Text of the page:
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Psychotherapy has been described as a form of moral coercion. However

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Psychotherapy has been described as a form of moral coercion. However  [#permalink]

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New post 07 May 2011, 16:45
3
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A
B
C
D
E

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Psychotherapy has been described as a form of moral coercion. However, when people are coerced, their ability to make choices is restricted, and the goal of psychotherapy is to enhance people’s ability to make choices. Hence, psychotherapy cannot possibly be a form of coercion.

Which one of the following describes a flaw in the argument?


(A) The position being argued against is redefined unfairly in order to make it an easier target.

(B) Psychotherapy is unfairly criticized for having a single goal, rather than having many complex goals.

(C) No allowance is made for the fact that the practice or results of psychotherapy might run counter to its goals.

(D) The goals of psychotherapy are taken to justify any means that are used to achieve those goals.

(E) It offers no argument to show that moral coercion is always undesirable.
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Re: Psychotherapy has been described as a form of moral coercion. However  [#permalink]

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New post 08 May 2011, 19:04
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This is a hard one. The central argument seems to be that because coercion is not the intent of psychotherapy, there's no way that it can end up being coercive. Almost as if the very intention not to contribute to a harm negates any potential for that harm. To me the central argument is flawed because even with the best intentions a goal can become subverted -- eg, communism was supposed to be "rule by the workers" even though it almost always turned out to be just another form of autocracy against the working class, just this time (and ironically) justified through the name of that very class (yeah, perhaps it's not a clean analogy, maybe even a bit too strong, but I just can't think of anything else at 11pm).

Based on that, the best answer for me is C -- it most closely fits my communism analogy: although intending to do the opposite of coercion, psychotherapy might end up simply being a form of that with the biases and approaches of the therapist, inherently subjective in and of themselves given the nature of the field. A doesn't really apply because negation isn't necessarily redefinition. B doesn't apply because the goals aren't the issue here; rather, the way the goals are reached definitely is. D doesn't apply because the argument is negating the harm, not justifying it any way (even if the result is definitely "ends justify means" in a sense). E doesn't apply because negation really has nothing to do with how worthy / unworthy coercion is.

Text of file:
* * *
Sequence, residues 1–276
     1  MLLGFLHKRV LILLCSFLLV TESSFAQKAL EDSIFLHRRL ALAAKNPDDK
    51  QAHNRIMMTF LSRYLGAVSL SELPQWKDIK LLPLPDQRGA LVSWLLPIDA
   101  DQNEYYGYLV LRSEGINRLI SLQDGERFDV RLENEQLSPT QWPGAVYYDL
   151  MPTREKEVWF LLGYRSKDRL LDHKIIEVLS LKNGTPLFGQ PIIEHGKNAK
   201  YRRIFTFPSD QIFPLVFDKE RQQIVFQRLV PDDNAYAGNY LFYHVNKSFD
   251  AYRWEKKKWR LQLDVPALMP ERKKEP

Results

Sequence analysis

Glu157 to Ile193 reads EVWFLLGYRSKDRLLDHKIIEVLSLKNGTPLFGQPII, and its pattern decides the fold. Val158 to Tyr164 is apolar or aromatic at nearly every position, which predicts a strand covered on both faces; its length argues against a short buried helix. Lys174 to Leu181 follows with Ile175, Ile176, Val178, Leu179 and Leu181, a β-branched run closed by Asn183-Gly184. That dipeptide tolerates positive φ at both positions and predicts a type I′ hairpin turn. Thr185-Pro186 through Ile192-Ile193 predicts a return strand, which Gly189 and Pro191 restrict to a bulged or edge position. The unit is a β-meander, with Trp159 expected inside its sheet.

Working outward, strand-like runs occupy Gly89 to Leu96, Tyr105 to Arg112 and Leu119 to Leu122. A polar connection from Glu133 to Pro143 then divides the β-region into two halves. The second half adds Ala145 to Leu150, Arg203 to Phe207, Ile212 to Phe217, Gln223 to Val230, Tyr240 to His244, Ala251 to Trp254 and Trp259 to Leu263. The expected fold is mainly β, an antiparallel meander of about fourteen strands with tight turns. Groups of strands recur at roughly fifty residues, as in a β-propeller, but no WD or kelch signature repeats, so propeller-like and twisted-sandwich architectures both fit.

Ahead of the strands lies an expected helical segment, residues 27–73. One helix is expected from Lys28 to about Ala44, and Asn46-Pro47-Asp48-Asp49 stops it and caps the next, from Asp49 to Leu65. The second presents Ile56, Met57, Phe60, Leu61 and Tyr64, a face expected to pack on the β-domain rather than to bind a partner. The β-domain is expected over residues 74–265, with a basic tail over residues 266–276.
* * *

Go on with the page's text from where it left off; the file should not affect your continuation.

If there's any hole in my reasoning, I welcome comments. As I can benefit from it too. :-)
(Thanks in advance.)

fanatico wrote:
Psychotherapy has been described as a form of moral coercion. However, when people are coerced, their ability to make choices is restricted, and the goal of psychotherapy is to enhance people’s ability to make choices. Hence, psychotherapy cannot possibly be a form of coercion.
Which one of the following describes a flaw in the argument?
(A) The position being argued against is redefined unfairly in order to make it an easier target.
(B) Psychotherapy is unfairly criticized for having a single goal, rather than having many complex goals.
(C) No allowance is made for the fact that the practice or results of psychotherapy might run counter to its goals.
(D) The goals of psychotherapy are taken to justify any means that are used to achieve those goals.
(E) It offers no argument to show that moral coercion is always undesirable.

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Re: Psychotherapy has been described as a form of moral coercion. However  [#permalink]

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New post 08 May 2011, 21:34
B and E are POE.

Among A,C and D - nothing has been redefined. POE A,No means has been discussed here,hence POE D.

C is a weak choice, yet the best one among the lot.
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Re: Psychotherapy has been described as a form of moral coercion. However  [#permalink]